Does Refinancing Hurt Your Credit
Tanya February 29, 2024

Does Refinancing Hurt Your Credit? Master It With These Tips!

◾ Refinancing will hurt your credit score, but temporarily. As a matter of fact, there are several long-term advantages to refinancing, regardless of whether you want to refinance a mortgage or a home.

◾ Making on-time payments and looking into other loan possibilities within a 45-day timeframe are two good methods to safeguard your credit score when refinancing. By doing this, you can lessen the negative effects of hard queries on your credit report.

Refinancing the old loan by replacing it with a new one is like buying a new car and forgetting about it. It is very beneficial, especially for things such as home or student loans that are characterized by huge sums of money, where even small reductions in interest rates can result in huge savings. There could be potential for homeowners to save money on refinancing and reconstruction works, through which the value of their property might go up. But before you make any decision, remember how refinance works and how it would affect your finances.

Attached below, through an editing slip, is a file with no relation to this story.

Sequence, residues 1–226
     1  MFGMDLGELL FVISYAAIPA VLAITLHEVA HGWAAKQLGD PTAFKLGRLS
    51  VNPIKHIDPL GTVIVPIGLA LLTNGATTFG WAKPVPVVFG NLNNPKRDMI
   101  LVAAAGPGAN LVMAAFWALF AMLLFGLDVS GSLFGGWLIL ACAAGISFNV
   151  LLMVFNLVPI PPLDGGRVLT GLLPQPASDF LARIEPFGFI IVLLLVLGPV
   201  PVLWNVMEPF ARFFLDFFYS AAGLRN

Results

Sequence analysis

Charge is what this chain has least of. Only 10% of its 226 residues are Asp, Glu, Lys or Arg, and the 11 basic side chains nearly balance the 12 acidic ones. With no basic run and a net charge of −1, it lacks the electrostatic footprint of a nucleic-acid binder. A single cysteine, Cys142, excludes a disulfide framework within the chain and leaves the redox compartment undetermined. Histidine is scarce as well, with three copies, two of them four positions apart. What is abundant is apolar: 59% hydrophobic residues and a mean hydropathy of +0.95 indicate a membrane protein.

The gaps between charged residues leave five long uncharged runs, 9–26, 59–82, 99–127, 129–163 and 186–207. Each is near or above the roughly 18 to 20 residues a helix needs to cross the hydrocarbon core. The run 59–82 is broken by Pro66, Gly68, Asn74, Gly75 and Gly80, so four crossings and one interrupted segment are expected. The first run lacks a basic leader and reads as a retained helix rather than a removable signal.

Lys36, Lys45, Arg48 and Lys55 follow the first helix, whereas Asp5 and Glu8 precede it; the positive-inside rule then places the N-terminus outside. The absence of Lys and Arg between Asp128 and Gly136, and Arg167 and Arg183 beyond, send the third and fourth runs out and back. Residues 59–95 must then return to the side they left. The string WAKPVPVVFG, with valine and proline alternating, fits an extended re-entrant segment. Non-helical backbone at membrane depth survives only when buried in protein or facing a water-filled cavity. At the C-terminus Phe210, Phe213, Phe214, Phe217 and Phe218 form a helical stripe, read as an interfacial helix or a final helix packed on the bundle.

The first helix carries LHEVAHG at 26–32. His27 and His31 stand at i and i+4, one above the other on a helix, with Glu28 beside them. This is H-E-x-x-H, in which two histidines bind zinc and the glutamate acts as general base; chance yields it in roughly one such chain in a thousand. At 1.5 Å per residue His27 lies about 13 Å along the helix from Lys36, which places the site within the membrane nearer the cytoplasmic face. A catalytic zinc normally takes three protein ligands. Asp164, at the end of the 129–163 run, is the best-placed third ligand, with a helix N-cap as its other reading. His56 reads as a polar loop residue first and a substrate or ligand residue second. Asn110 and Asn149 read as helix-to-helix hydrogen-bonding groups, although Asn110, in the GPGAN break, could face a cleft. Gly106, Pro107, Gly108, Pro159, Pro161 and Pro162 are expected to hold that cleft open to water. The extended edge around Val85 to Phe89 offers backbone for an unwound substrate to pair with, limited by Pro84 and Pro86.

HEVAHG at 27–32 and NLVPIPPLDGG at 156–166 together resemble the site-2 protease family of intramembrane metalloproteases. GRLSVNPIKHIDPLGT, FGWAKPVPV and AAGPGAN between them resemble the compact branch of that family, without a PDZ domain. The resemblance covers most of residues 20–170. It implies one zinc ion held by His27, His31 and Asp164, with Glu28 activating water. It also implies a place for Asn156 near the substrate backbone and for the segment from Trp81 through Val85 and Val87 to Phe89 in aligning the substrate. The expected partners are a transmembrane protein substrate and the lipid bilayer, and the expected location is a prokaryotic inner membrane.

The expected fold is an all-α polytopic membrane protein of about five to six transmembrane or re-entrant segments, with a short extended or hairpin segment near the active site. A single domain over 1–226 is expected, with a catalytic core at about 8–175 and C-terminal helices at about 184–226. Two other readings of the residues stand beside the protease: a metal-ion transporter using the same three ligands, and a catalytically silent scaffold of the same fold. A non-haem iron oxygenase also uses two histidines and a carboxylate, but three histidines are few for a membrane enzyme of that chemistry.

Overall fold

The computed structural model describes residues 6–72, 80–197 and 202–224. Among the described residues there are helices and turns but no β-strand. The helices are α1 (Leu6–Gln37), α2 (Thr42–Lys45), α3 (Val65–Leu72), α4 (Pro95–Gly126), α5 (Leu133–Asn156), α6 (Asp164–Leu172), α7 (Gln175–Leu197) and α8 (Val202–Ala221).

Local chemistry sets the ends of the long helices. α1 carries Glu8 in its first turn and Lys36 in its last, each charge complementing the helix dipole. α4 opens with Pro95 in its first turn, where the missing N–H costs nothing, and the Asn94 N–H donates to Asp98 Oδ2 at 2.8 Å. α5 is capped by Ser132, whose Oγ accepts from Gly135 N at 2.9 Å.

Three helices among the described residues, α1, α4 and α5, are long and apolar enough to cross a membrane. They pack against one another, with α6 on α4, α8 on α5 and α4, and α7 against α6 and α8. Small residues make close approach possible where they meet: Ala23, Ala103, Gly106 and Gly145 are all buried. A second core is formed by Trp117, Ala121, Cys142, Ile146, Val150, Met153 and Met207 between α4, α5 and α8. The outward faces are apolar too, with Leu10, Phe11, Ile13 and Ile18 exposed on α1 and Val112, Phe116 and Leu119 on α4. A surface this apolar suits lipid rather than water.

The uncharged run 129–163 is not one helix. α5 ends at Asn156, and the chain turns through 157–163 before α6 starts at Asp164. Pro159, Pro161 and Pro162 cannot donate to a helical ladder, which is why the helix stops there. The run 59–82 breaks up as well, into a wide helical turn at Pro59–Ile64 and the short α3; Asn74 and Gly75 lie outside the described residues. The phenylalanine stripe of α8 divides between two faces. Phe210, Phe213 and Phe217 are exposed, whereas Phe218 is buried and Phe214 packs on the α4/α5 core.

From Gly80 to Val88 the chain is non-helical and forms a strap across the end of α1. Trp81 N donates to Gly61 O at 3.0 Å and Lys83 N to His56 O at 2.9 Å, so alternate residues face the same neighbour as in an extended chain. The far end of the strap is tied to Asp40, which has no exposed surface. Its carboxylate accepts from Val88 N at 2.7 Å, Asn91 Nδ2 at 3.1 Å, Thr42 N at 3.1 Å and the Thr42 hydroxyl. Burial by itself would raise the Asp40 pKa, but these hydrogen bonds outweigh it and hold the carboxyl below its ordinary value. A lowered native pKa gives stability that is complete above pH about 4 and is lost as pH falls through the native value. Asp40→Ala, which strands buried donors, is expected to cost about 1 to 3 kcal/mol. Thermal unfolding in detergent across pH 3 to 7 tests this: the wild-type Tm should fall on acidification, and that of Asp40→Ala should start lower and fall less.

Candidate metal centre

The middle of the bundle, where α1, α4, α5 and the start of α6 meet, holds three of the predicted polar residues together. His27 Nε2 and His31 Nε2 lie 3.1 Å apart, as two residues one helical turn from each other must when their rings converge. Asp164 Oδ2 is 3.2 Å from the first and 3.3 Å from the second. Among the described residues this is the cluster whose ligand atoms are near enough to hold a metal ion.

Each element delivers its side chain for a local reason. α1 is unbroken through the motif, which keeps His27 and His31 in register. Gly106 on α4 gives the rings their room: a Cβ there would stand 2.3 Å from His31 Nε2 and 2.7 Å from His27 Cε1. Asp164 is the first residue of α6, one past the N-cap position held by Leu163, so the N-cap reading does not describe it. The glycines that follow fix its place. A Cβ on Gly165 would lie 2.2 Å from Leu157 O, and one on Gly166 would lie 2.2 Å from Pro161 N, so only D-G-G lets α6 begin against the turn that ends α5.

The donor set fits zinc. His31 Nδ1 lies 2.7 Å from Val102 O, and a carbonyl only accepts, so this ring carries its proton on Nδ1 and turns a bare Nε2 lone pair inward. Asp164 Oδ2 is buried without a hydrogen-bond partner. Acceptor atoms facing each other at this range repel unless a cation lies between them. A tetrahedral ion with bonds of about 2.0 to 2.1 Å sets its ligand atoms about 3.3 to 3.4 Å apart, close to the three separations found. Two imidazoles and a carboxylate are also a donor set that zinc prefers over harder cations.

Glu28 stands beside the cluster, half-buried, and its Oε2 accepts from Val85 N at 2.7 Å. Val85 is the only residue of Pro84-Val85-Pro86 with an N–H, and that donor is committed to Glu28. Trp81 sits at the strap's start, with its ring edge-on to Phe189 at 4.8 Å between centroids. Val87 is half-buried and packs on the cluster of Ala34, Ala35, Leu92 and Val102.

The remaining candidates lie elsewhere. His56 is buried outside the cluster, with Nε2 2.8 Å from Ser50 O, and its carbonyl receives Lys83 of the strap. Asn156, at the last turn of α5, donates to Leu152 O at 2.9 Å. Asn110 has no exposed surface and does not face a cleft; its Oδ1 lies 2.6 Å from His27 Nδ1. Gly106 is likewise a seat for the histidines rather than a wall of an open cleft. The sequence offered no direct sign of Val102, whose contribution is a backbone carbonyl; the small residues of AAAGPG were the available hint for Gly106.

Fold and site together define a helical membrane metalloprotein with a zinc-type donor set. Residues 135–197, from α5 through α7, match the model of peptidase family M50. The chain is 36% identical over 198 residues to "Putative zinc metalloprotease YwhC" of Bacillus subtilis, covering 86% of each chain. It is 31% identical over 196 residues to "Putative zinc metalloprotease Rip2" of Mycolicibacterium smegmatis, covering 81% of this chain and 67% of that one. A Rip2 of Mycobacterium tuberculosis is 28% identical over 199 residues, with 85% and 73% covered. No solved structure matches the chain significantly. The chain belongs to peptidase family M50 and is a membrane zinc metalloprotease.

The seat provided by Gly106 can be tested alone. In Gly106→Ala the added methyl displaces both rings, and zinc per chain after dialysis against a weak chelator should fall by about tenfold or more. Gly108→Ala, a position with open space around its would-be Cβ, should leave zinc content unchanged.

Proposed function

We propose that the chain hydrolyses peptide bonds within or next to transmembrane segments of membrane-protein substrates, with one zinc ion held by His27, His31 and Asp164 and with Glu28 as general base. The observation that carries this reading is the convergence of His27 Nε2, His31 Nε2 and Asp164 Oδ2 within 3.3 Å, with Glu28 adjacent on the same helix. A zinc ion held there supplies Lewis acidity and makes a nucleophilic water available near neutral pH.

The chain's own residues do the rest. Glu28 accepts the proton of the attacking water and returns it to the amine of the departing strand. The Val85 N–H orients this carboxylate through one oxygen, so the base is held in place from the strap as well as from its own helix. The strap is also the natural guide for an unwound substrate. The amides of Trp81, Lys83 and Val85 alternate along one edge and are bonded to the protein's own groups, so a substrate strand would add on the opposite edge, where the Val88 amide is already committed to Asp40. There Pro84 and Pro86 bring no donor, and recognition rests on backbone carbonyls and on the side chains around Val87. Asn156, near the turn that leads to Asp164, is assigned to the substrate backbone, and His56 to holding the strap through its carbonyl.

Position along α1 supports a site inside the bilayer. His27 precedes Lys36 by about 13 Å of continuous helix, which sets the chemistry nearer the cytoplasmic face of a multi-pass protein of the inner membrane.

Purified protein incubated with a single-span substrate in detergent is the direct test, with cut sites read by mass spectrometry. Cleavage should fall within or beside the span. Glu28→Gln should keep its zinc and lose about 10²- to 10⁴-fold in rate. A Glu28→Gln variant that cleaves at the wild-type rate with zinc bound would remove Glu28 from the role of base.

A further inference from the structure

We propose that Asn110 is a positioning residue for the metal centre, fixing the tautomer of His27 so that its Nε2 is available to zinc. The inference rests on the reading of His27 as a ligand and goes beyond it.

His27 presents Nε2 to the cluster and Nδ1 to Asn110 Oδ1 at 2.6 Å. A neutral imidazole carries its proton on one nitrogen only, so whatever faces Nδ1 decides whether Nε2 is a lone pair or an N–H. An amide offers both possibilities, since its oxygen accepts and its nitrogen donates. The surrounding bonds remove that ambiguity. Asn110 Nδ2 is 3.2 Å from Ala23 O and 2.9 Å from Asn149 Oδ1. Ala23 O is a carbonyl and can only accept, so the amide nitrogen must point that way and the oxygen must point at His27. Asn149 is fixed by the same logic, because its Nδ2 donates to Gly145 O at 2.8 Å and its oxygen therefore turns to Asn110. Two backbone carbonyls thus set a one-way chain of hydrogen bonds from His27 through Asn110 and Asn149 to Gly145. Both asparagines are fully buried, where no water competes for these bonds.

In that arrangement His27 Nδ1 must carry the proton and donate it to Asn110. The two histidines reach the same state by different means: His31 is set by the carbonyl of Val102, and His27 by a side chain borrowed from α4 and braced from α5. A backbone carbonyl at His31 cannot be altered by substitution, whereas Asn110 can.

How Refinancing Impacts Your Credit Score?

Any application may possibly affect your credit, so be cautious when traversing this path. Evaluate factors like a mortgage refinance or auto refinancing at length before making any quick decisions.

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Negative Impact of Refinancing

  • Hard Inquiries: Hard inquiries are the correct answer when you wonder if refinancing damages your credit and how it occurs. When you apply for a loan, the lender typically conducts a hard inquiry, potentially lowering your credit score.